Travis County Democrats say ‘election denialism’ within Republican Party imperils the 2024 primary election
Thursday, December 14, 2023 by Nina Hernandez
In a Wednesday press conference, the Travis County Democratic Party and Travis County elected officials called out “election denialism” within the Travis County Republican Party that they say is keeping the two party organizations from agreeing on rules for primary elections.
The Austin Monitor previously reported on concerns that the two local party groups had not yet come to an agreement on the rules the Travis County Clerk’s Office follows when administering the election. The two parties in Travis County have a decadeslong tradition of entering into these agreements. The first statutory deadline to submit election judge lists was on Monday.
TCDP Chair Katie Naranjo said the party met with the Travis County Clerk’s Office on Nov. 13 prepared to enter the agreement, but the Travis County Republican Party did not participate in the process. Naranjo said the parties do not have sufficient resources to hold two separate primaries.
“It is Dec. 13, and we are no closer to getting a joint primary negotiated than we were back on Nov. 13,” Naranjo said. “We are now drawing attention to this delay because we are very concerned about the impact it is going to have to voters.”
In addition to the uncertainty about how the clerk’s office might oversee the election, the impacts could include an end to countywide voting as well as the cost and delays associated with hand counting of ballots. Naranjo said the party is working with the Travis County Clerk’s Office, the party’s legal team, the Texas Democratic Party and local elected officials to put in place a separate contract that will allow the Travis County Democratic primary process to move forward with minimal disruption and confusion.
“But I want to make something very clear: What the Republicans are basing their actions – and now these contracts – on are based on election denialism and lies and misinformation, and that is detrimental to the transparency and the accuracy and the internal controls and processes that election officials have put in place over decades, and that is what we are fighting for,” Naranjo said. “What we have is a group of election deniers within the Republican Party, who are holding their party’s primary hostage, as well as our primary hostage, in Travis County.”
Naranjo was joined at the press conference by the Texas Democratic Party and Austin elected officials including U.S. Rep. Lloyd Doggett, state Rep. Sheryl Cole and state Sen. Sarah Eckhardt.
Jenna Royal, voter protection director of the Texas Democratic Party, said the delay shows Republicans “do not care” about election integrity.
“By trying to hijack the democratic primary process across the state based on nothing but lies and conspiracy theories, they are telling us loud and clear that they do not care about Texas voters,” Royal said. “Republicans are pushing hand counts in counties around the state as another attempt to divest Travis County residents, and other Texans, of their voice and their vote.”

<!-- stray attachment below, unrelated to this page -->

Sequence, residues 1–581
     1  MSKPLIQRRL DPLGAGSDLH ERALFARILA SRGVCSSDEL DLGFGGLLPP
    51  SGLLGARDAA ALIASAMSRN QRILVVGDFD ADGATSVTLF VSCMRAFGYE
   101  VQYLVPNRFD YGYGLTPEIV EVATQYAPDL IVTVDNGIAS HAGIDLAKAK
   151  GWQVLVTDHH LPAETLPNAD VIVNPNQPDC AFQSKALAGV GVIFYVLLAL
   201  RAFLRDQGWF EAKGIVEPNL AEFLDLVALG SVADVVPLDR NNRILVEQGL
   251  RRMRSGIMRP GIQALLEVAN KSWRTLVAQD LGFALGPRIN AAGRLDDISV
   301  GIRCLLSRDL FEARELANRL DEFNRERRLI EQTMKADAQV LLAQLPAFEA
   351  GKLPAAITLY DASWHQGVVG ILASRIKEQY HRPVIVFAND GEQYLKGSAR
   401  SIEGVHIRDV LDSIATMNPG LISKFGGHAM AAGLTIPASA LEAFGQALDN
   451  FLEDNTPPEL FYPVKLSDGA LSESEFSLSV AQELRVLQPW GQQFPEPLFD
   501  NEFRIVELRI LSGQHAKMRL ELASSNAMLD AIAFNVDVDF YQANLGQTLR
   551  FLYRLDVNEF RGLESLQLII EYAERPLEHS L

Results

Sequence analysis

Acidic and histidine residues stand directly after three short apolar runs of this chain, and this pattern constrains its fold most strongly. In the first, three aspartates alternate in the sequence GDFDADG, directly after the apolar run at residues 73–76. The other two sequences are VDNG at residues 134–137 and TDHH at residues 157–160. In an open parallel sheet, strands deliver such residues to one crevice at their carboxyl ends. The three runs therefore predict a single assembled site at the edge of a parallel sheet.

Royal said it is not too late for Republicans to change course, and urged the party to allow for countywide voting.
“We are still at a place where we can get this back on track and make sure that every voter can cast their ballot, and we want to work with those who will move forward with the secure and reliable elections that have been conducted in Travis County for years,” Royal said. “But let’s be very clear: We will use every tool at our disposal to fight for Texans’ right to a free, fair and accessible election. All we are asking is that the Republicans do what we have always done, which is countywide voting that allows everybody in Travis County to vote at their convenience, as their schedule allows, so that their voice can be heard.”
In his remarks, Doggett invoked Texas’ long history of voter suppression tactics and said Republicans have offered “absolutely zero” justification for the changes.
“Even before the more restrictive laws that were approved in the last two sessions of the Legislature were adopted, Texas ranked at the very bottom – the worst state among the 50 – for voting and voter registration,” he said. “Now, Travis County Republicans seem to be going one step further to suppress the vote by making voting as inconvenient and different from the way we have done it in the past as they possibly can.”
Doggett said an end to countywide voting could cause voters to go to their usual polling place next year only to find it is no longer in use. He also noted that hand counting ballots could create onerous delays for election workers and individuals who operate facilities used as polling locations.
“The fewer voting locations and these changes in procedures are all about discouraging voting,” Doggett said. “And we’re here to sound the alarm today. There may not be a grinch that will steal Christmas, but we’ve got a grinch here determined to steal the commonsense way that folks here in Travis County have voted in the past.”
Reached by the Monitor via email, the Travis County Republican Party pointed to a comment its chair, Matt Mackowiak, made to news organization Votebeat earlier in the day. It indicates that the party is still engaged in discussions with the clerk’s office on aspects of a potential agreement and will share more when the contract is executed. Mackowiak further states that the party sent a draft to the county clerk’s office on Friday and received a response on Monday.
“We are responding today,” the comment reads. “Everything we are seeking has been negotiated with Travis County Elections and has been blessed by the Texas Secretary of State’s office.”
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